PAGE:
Theory Article

Commodification of the Information Profession: A Critique of Higher Education Under Neoliberalism

Authors
  • Stuart Lawson (Research Analyst, Jisc)
  • Kevin Sanders (Independent researcher)
  • Lauren Smith (PhD Researcher, Computer and Information Sciences, University of Strathclyde)

Abstract

The structures that govern society’s understanding of information have been reorganised under a neoliberal worldview to allow information to appear and function as a commodity. This has implications for the professional ethics of library and information labour, and the need for critical reflexivity in library and information praxes is not being met. A lack of theoretical understanding of these issues means that the political interests governing decision-making are going unchallenged, for example the UK government’s specific framing of open access to research. We argue that building stronger, community oriented praxes of critical depth can serve as a resilient challenge to the neoliberal politics of the current higher education system in the UK and beyond. Critical information literacy offers a proactive, reflexive and hopeful strategy to challenge hegemonic assumptions about information as a commodity.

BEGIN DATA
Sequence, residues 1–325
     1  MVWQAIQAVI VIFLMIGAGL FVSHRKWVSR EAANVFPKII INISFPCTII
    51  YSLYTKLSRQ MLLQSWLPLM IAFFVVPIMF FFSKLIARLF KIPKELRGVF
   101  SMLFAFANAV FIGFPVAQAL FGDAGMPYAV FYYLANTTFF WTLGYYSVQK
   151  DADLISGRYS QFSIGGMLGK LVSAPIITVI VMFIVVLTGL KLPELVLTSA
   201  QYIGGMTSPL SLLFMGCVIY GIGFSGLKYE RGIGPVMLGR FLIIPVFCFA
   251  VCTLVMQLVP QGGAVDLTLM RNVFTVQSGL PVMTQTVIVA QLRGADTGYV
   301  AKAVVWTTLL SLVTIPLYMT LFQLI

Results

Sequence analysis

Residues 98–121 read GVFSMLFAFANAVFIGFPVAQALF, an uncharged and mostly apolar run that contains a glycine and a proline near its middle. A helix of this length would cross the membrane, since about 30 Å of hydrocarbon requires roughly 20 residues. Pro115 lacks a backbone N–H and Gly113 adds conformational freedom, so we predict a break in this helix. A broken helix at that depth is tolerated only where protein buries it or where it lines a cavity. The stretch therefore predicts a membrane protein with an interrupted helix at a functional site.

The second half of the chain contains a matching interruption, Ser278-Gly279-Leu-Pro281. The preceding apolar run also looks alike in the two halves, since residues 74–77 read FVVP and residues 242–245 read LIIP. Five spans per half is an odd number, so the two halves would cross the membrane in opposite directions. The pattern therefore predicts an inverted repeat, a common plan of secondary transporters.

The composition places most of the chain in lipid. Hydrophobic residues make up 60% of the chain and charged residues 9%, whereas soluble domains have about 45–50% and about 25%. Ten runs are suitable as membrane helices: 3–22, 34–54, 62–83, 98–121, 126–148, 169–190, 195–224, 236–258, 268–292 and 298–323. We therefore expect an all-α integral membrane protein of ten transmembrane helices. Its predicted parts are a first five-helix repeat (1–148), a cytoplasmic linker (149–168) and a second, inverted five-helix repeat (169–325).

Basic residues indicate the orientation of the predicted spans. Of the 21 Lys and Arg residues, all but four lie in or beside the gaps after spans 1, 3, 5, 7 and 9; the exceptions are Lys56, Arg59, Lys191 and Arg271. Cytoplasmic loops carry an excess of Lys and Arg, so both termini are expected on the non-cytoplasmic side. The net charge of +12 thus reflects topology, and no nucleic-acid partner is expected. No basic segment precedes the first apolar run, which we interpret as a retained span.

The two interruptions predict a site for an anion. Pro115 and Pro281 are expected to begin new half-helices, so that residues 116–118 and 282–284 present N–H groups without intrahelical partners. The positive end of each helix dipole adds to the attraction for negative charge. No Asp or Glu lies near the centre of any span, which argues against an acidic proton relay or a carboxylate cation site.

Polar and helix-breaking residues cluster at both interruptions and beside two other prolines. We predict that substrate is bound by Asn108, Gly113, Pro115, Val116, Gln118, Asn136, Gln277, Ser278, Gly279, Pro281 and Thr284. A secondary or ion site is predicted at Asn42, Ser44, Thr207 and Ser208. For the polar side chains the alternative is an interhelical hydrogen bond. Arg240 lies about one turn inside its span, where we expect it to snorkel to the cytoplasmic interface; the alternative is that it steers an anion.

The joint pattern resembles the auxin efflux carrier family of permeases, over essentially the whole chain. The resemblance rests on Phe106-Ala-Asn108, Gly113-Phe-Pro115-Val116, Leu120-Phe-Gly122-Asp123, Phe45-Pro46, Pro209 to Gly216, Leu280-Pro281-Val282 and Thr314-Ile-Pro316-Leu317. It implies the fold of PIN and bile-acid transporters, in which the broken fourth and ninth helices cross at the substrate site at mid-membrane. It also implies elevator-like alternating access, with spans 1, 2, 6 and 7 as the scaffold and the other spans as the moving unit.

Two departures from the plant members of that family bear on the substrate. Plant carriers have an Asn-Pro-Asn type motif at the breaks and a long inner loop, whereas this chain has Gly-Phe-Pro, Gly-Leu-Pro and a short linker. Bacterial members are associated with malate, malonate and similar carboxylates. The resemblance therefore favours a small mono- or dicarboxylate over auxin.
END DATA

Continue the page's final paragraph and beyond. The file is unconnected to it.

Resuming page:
How to Cite:

Lawson, S. & Sanders, K. & Smith, L., (2015) “Commodification of the Information Profession: A Critique of Higher Education Under Neoliberalism”, Journal of Librarianship and Scholarly Communication 3(1), p.eP1182. doi: https://doi.org/10.7710/2162-3309.1182

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Published on
10 Mar 2015
Peer Reviewed